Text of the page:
Pneumocystis jirovecii (previously known as Pneumocystis carinii) is an opportunistic atypical fungal pathogen that does not respond to conventional anti-fungal agents*. P. jirovecii is an organism of low virulence that spreads through the air and causes serious and often fatal pneumonia called Pneumocystis jirovecii pneumonia (PJP) in immunocompromised patients, particularly in AIDS patients.
*The most common form of treatment is trimethoprim/sulfamethoxazole (co-trimoxazole). This medicine is given by mouth or through a vein for 3 weeks.
Pneumocystis jirovecii is common in the environment and does not cause illness in healthy people. The fungus can live in their lungs without causing symptoms. Asymptomatic infection is also quite common. Serologic evidence suggests that most children are exposed to this organism by age 3 to 4.
Pneumocystis jirovecii pneumonia was a relatively rare infection before the AIDS epidemic. Infection with P.jirovecii is an AIDS-defining illness. People with a weakened immune system (i.e. people having medical conditions like an organ transplant, blood cancer, autoimmune diseases, stem cell transplant, etc) are at high risk of developing Pneumocystis pneumonia.
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Pneumocystis jiroveci was previously classified as a protozoan. In tissue, it appears as a cyst that resembles the cyst of protozoa. Currently, it is considered a fungus, based on nucleic acid and biochemical analysis. In 1988, scientists have changed both the classification and the name of this organism since it first appeared in patients with HIV.
Table of Contents
Salient features of Pneumocystis jirovecii
Differences with fungal pathogens
- It does not grow in vitro in fungal culture media.
- Ergosterol which is the major cell wall component of the fungal pathogen is absent in P. jiroveci.
- It is insensitive to most conventional anti-fungal agents.
Similarities with fungal pathogens
- Possess chitin in all stages of its life cycle.
- Pneumocystis takes fungal stain eg. methenamine silver stain.
- Pneumocystis and fungi have similar cyst wall ultrastructure.
- The protein synthesis elongation factor (EF3) and thymidylate synthase of Pneumocystis are more homologous to those of ascomycetous fungi.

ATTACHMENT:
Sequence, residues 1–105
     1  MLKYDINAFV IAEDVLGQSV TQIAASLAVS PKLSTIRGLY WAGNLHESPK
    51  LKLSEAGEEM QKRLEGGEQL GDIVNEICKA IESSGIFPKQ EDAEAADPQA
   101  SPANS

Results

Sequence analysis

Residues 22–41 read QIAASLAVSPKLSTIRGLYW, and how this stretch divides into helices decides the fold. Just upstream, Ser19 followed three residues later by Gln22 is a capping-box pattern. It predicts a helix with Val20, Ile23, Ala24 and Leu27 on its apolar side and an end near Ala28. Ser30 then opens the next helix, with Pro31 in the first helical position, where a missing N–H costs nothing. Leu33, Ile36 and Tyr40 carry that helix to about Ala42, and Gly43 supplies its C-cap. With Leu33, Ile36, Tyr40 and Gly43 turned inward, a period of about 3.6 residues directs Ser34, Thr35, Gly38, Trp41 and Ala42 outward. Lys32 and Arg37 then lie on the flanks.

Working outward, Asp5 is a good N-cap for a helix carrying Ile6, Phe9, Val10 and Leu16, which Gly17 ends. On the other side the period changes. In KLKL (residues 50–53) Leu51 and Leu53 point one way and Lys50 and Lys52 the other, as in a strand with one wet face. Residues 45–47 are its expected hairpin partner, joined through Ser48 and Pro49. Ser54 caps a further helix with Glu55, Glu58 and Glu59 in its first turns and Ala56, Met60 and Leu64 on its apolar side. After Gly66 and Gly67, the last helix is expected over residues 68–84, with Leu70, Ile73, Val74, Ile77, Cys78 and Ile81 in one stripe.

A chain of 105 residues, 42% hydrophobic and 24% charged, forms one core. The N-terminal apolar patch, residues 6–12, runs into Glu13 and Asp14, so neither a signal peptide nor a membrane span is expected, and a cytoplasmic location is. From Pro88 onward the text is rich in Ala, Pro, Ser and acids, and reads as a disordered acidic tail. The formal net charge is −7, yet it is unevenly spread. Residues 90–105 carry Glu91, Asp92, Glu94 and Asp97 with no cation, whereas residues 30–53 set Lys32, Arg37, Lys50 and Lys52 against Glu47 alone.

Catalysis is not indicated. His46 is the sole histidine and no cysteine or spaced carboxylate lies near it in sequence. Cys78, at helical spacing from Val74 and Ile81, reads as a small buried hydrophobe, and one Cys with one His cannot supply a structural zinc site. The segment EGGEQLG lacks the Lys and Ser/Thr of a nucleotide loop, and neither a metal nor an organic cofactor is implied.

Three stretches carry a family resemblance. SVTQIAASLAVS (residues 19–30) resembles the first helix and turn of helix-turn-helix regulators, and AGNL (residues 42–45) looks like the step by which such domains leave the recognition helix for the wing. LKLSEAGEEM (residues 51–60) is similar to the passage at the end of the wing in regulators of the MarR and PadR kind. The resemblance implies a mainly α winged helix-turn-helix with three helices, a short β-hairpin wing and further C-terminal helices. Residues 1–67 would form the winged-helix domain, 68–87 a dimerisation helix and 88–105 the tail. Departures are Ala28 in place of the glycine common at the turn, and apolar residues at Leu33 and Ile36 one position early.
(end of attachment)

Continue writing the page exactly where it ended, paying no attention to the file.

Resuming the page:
- The ribosomal RNA studies reveal that 16S-like RNA of Pneumocystis shares substantial sequence homology with various species of Ascomycota.
Pneumocystis is transmitted from person to person through an airborne route. Asymptomatic lung colonization can occur in immunocompetent people but people with HIV/AIDS or immunocompromised patients may show signs of fever, cough, dyspnea, and, in severe cases, respiratory failure.
P. jirovecii has a special predilection for lung tissues. It attaches to the Type I alveolar epithelium, which allows the fungus to transition from its small trophic form to the larger cystic form. It causes hypertrophy of alveolar cells. The inflammatory response of the host causes lung injury and may also result in infiltration of macrophages; filling alveolar spaces with foamy eosinophilic material and plasma cells. This impairs gaseous exchange, leading to hypoxia and possibly respiratory failure.
Pneumocystis jirovecii cannot be cultured in vitro, therefore, laboratory diagnosis relies on cytological staining, immunofluorescent assay, or molecular diagnosis in bronchopulmonary secretions.
Bronchoalveolar lavage (BAL) and induced sputum have been demonstrated to be the most useful clinical samples. In situations where these two techniques cannot be used, transbronchial biopsy or open lung biopsy may be used.
Microscopy and staining
Giemsa stain is used to demonstrate the nuclei of trophozoites and intracystic stages and silver stain is used to demonstrate the cyst wall. Immunofluorescence microscopy using monoclonal antibodies can detect both cystic and trophic forms with higher sensitivity than conventional microscopy.
Does not grow in fungal culture media and even in cell culture. In 2014, Verena Schildgen et al. reported a successful culture of P.jirovecii from BAL specimen but Liu et.al, could not reproduce the result(i.e. they failed to culture P. jirovecii).
Molecular methods have shown very high sensitivity and specificity and are regarded as the gold standard technique for the detection of P. jirovecii. The genome of P. jirovecii present in the sample is amplified by Polymerase Chain Reaction (PCR) and is detected after agarose-gel analysis using a suitable DNA ladder.
Blood test to detect β-D-glucan (a part of the cell wall of many different types of fungi) can be used to diagnose Pneumocystis pneumonia.
References and further readings
- Schildgen V, Mai S, Khalfaoui S, Lüsebrink J, Pieper M, Tillmann RL, Brockmann M, Schildgen O. 2014. Pneumocystis jirovecii can be productively cultured in differentiated CuFi-8 airway cells. mBio 5:e01186-14. doi:10.1128/mBio.01186-14.
- Liu, Y., Fahle, G. A., & Kovacs, J. A. (2018). Inability to Culture Pneumocystis jirovecii. mBio, 9(3), e00939-18. doi:10.1128/mBio.00939-18
- Ruffolo JJ. Pneumocystis carinii Cell Structure. In: Walzer, PD, editor. Pneumocystis carinii Pneumonia. 2nd ed. Marcel Dekker; 1994. p. 25-43.
- Pneumocystis (Carinii) Jiroveci Pneumonia by Justina Truong; John V. Ashurst.